THE country’s export industry remained sluggish this year while the global market remained depressed.
Cebu’s export industry, specifically, will end 2015 with no growth to show for all their efforts, said Philexport Cebu President Nelson Bascones.
“Cebu, which for accounts two percent of the country’s total exports, dropped by nine percent from January to September,” he said. “It’s a negative growth for Cebu’s export industry.”
The latest statistics showed the country’s total export receipts dropped by 10.8 percent in October this year, its seventh straight month of decline.
The umbrella organization of exporters said the industry is facing threats from the impending elections in the US, which is the country’s major trading partner; no clear signs of sustainable recovery from deflation in Japan; the continuing downspin of China’s economy; intense competition in the Southeast Asian region next year; and continuing political uncertainties in the Middle East and Europe.
“If there’s a sector that is growing it is only electronics. The rest are feeling the softening of the global market,” said Bascones, whose Central Seafoods Inc. exports processed food.
A huge drop of 30 percent has been registered in the processed food sector alone, said Bascones.
Minimal growth, meanwhile, was observed in the wearables sector; gift, decors and house wares (GDH); and furniture. But Philexport Cebu Executive Director Fred Escalona thinks the growth may not be sustainable as exporters also observed a slowdown in orders, especially from huge markets like China.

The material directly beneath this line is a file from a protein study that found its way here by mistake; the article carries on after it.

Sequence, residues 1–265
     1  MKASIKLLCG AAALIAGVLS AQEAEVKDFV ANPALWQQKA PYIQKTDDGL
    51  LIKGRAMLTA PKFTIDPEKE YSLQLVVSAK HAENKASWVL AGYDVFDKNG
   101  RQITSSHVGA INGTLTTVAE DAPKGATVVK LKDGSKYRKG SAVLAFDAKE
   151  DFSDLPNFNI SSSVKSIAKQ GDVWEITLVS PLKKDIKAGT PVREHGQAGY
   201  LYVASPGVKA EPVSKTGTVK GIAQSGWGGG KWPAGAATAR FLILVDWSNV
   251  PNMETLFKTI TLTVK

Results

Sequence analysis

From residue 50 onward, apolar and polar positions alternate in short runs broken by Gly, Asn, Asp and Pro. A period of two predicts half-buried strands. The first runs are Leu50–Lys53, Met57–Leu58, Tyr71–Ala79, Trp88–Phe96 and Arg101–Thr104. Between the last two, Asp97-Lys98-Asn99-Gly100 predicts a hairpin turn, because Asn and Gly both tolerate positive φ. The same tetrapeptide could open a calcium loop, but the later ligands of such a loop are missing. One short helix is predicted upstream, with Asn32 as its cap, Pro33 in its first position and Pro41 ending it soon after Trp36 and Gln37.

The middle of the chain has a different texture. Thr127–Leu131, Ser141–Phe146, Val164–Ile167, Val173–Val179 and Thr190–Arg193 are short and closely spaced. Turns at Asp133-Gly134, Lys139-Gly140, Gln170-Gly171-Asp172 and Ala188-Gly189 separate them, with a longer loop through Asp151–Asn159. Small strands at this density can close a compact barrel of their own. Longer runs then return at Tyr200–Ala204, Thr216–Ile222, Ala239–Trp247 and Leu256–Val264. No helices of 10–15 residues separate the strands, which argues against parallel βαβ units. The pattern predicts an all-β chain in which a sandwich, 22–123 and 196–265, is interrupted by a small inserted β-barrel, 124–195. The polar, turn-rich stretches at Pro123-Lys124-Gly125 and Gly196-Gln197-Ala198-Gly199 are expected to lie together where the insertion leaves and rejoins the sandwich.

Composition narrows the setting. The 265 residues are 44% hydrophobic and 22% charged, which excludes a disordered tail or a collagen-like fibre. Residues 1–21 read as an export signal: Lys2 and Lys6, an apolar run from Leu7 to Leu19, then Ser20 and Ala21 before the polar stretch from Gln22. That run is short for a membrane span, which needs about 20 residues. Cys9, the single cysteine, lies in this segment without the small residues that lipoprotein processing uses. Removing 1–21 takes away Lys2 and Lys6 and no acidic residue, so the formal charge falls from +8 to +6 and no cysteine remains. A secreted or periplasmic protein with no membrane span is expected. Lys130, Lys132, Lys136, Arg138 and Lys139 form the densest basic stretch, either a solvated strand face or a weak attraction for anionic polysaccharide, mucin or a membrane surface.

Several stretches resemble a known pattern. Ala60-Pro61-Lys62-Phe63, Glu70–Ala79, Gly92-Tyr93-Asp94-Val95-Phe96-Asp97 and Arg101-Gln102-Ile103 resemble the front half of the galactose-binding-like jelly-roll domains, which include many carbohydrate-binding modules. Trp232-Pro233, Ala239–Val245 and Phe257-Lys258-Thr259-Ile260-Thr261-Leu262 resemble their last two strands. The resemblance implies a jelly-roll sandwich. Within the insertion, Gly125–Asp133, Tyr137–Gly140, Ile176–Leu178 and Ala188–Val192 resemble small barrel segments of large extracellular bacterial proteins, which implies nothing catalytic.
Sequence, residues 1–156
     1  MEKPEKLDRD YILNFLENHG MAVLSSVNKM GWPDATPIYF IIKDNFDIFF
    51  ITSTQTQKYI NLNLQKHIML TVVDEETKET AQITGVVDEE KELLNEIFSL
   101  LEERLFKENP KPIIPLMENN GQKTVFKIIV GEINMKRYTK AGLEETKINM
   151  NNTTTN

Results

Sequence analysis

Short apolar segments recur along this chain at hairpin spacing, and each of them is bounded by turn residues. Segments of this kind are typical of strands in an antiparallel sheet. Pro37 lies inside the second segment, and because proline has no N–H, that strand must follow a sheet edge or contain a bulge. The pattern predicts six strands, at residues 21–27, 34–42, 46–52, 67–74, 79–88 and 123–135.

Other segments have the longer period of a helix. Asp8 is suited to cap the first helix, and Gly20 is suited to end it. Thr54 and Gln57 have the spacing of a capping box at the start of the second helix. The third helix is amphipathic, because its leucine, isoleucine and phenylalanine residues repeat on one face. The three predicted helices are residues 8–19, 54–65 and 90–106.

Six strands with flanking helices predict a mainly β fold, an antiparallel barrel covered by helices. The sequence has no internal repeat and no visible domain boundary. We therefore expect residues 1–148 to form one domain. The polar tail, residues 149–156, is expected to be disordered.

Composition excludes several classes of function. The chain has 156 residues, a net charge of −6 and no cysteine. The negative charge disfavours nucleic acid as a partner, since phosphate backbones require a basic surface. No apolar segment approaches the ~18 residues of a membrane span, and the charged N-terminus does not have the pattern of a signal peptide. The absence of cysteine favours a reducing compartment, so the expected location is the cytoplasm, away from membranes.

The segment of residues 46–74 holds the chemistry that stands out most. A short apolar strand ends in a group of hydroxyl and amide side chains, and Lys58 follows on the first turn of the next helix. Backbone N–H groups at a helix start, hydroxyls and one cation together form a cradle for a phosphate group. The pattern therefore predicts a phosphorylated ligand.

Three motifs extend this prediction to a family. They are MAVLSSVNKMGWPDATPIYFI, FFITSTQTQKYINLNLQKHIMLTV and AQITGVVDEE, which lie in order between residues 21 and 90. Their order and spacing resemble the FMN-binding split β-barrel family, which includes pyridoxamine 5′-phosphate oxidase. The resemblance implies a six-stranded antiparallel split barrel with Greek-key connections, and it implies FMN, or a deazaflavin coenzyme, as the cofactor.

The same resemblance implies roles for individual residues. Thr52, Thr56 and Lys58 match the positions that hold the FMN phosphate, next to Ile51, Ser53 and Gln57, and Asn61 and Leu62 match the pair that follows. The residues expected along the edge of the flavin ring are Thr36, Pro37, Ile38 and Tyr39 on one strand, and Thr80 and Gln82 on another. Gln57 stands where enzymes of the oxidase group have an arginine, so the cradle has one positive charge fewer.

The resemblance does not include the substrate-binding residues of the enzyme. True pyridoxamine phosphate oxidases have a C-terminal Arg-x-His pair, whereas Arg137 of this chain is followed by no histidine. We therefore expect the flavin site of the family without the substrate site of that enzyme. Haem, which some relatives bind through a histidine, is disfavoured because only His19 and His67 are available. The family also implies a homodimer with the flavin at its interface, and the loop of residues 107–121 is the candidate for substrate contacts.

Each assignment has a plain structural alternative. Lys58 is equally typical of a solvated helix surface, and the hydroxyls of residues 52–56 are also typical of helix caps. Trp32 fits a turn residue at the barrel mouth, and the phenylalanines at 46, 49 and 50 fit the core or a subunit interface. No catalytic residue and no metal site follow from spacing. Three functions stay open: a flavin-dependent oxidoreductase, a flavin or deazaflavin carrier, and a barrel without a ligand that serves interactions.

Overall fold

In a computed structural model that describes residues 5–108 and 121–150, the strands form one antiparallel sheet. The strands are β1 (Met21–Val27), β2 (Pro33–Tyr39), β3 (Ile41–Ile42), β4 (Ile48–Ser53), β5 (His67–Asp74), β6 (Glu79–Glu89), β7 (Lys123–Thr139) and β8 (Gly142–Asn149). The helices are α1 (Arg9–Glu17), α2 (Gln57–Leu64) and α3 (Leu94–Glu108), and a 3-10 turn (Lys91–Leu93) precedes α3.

“Winners and losers now are per company and not per sector. Those who already have captive markets are doing well but those companies whose engagement is in economies that have problems are suffering,” said Escalona.
“The GDH sector is lucky enough to slowly gain back its momentum. Not strong, but there’s movement due to the rising cost in China and lack of manpower willing to do GDH manufacturing,” said exporter Pete Delantar, owner of Nature’s Legacy.
Moreover, other factors that challenged the sector this year include the country’s stricter regulations that increased the cost of doing business; loss of productivity due to bad infrastructure; and loss of highly-skilled workers who went after jobs abroad.
Last July, Philexport Cebu complained about the tedious process of securing different permits, licenses, and registration of documents required by different regulatory agencies on the importation of controlled chemical substances commonly used in the export sector.
These regulations on commonly used chemicals were suspended starting Dec. 9, 2015 until on Feb. 9, 2016, under guidelines issued by the Philippine National Police (PNP).
“Our hard work is paying off, although it is a battle just partially won. A new categorization of these controlled chemicals is also being undertaken,” said Bascones.
Another challenge faced by the sector is the projected increase in interest from the financial sector as a result of the US Federal Reserve’s raising of interest, Delantar said.